I’ve talked a lot about online targeting, focusing on advantages and disadvantages of pursuing consumers through demographic profiles versus customizing creative to target potential customers in more unexpected places. Surf the Web any given day, and you’ll get a pretty good idea of the nature of the divide. Some advertisers value demographic targeting to an obsessive degree; others recognize the value of standing out from the crowd. The latter’s campaigns regularly prove to be the most interesting.
Before you flood my inbox with email pointing out untargeted campaigns are the online equivalent of spam and contribute to the incessant clutter that’s made advertisers such as X10 reviled household names, allow me to clarify. There are varying degrees of targeting in online advertising. Advertisers can dive as deeply into demographic profiles as they see fit. When developing a new campaign, advertisers and marketers employ any number of demographic criteria to determine the best placements for the product advertised. Factors such as gender, location, age, occupation, and interests all affect the decision-making process when we create and launch ads for a highly specified group of users.
Then, there’s the slightly less contrived approach. Rather than honing in on a restricted group of consumers, some advertisers choose to place ads on sites and in sections appealing to a broader audience, targeting through their ad message and creative design.
In casting a wider net, these advertisers believe they expand their potential customer base. They reach consumers who may not otherwise have been exposed to their products. Releasing ads into the online universe without a precise targeting strategy is a little like fishing. Advertisers need the right bait (not to mention a little luck) to reel in the desired catch.
The increasing popularity of this unconventional approach struck me a few weeks ago when I was speaking to an account executive from a lifestyle-oriented multimedia company with broadcast and online departments. The rep cited a campaign his organization developed for Stouffer’s Lean Cuisine. The campaign, including TV and online components, involved a series of 30-second vignettes featuring the cultivated celebrity host of one of the company’s decorating and entertaining programs. In each ad, the host volunteered a unique tip to impress household guests. His spiel was followed by the advertiser’s message: “This good-taste tip was brought to you by Lean Cuisine.”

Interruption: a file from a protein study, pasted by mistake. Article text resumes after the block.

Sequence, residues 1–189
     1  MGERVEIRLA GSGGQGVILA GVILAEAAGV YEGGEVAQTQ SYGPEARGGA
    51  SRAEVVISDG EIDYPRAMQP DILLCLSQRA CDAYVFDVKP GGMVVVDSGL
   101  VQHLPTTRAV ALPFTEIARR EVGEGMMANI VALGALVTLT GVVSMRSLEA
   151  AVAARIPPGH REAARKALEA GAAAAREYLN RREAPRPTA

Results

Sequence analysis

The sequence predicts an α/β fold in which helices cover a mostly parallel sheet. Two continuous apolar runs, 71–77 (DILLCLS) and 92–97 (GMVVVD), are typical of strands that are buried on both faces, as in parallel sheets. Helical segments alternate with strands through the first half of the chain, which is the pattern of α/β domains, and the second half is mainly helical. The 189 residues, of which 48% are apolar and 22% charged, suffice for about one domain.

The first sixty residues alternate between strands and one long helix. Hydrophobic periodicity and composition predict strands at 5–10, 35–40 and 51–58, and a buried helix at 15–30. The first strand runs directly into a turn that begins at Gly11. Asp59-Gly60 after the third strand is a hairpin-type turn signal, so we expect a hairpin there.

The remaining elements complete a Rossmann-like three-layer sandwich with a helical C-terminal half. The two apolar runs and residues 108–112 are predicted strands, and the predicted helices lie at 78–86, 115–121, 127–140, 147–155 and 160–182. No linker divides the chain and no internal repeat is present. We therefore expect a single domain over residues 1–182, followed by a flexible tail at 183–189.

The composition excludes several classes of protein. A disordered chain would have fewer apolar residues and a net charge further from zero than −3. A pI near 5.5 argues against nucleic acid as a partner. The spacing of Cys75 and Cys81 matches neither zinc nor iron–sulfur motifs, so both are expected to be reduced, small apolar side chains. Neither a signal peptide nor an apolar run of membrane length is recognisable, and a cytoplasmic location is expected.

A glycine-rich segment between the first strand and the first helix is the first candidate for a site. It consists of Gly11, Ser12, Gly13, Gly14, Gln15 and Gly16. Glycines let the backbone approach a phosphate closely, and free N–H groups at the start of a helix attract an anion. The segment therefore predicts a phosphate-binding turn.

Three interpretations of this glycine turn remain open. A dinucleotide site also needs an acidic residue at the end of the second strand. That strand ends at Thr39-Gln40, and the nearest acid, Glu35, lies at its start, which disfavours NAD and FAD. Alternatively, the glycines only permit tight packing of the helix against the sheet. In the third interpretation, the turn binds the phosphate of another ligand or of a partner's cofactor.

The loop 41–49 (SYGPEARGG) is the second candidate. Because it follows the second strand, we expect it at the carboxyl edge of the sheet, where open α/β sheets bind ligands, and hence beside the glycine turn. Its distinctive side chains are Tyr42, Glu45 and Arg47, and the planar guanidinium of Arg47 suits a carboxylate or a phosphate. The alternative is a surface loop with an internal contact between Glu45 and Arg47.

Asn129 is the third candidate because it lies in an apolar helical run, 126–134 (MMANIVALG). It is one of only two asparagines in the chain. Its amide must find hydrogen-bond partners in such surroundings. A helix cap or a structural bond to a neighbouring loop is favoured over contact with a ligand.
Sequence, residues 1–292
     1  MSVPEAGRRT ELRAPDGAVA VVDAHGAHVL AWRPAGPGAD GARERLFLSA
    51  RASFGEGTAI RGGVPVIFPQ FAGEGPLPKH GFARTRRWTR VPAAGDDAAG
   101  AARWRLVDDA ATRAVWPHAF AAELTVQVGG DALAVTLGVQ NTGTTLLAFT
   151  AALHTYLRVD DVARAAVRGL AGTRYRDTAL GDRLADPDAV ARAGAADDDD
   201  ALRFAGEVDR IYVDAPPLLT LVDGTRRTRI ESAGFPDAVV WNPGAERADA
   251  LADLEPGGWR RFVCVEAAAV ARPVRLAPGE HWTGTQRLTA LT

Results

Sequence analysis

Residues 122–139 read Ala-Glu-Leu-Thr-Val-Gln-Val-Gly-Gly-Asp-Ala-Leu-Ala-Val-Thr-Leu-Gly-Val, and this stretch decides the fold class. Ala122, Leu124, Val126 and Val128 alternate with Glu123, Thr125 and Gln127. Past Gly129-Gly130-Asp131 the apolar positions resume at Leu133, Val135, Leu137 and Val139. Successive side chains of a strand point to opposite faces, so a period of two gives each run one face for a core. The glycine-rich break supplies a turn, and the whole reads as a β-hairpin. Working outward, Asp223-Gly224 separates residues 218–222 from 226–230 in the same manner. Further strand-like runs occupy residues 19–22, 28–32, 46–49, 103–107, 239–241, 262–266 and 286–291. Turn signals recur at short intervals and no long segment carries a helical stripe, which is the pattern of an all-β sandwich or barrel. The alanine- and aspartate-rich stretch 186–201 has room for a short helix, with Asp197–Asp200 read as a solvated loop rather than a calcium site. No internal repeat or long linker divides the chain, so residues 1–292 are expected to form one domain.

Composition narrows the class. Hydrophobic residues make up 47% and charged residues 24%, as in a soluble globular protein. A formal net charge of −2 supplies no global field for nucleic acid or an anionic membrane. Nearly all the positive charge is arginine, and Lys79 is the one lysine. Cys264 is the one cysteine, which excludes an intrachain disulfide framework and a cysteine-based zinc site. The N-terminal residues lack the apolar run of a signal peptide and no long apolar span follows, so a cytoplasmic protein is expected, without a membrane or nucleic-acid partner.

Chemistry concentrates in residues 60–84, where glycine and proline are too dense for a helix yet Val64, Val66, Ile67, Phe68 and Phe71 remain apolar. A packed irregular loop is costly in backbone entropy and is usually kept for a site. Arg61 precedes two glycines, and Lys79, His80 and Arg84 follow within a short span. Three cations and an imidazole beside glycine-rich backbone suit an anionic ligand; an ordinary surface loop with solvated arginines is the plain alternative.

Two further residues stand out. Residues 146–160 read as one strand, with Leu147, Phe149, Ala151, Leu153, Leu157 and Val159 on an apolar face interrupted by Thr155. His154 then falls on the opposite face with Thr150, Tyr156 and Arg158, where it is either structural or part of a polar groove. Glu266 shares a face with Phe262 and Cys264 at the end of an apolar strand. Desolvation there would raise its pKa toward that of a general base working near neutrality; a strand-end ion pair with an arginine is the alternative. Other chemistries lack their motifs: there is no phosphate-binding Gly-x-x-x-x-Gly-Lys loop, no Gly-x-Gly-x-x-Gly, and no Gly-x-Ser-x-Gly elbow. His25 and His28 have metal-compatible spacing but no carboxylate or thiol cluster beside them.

What enthralled me about the campaign wasn’t the message itself, but the advertiser’s creativity and foresight. In considering that product, most marketers would opt for a spot on one of the broadcaster’s many health-conscious cooking programs. That’s the safe, obvious choice for a brand that flaunts the slogan, “It’s not just lean, it’s cuisine.” This advertiser had different ideas. “They wanted a different environment,” said a company account executive, “a different reach.” So they bucked tradition and developed an original, memorable campaign.
Lean Cuisine’s brand managers made the right choice. This approach won’t work for every online advertiser, however. To capitalize on the opportunity for broader consumer reach, your product must be of interest to a wide audience in the first place. At the end of the day, you’re asking consumers to make a purchase. The more your product appeals to the masses, the greater your chances for success.
If you attempt this advertising method, remember a little shallow targeting won’t hurt, either. Don’t sabotage your brand by positioning yourself in front of an audience with no need or desire for your product. You wouldn’t advertise a new hair color on a site catering predominantly to men. But a placement on iVillage’s diet and fitness section might be just the ticket to attract women interested in revamping their image.
As an bonus, you’re not likely to encounter many competitors with such placements. It isn’t an obvious choice, but it’s an approach that deserves consideration and testing. It could just produce results you, and your not-too targeted audience, won’t soon forget.
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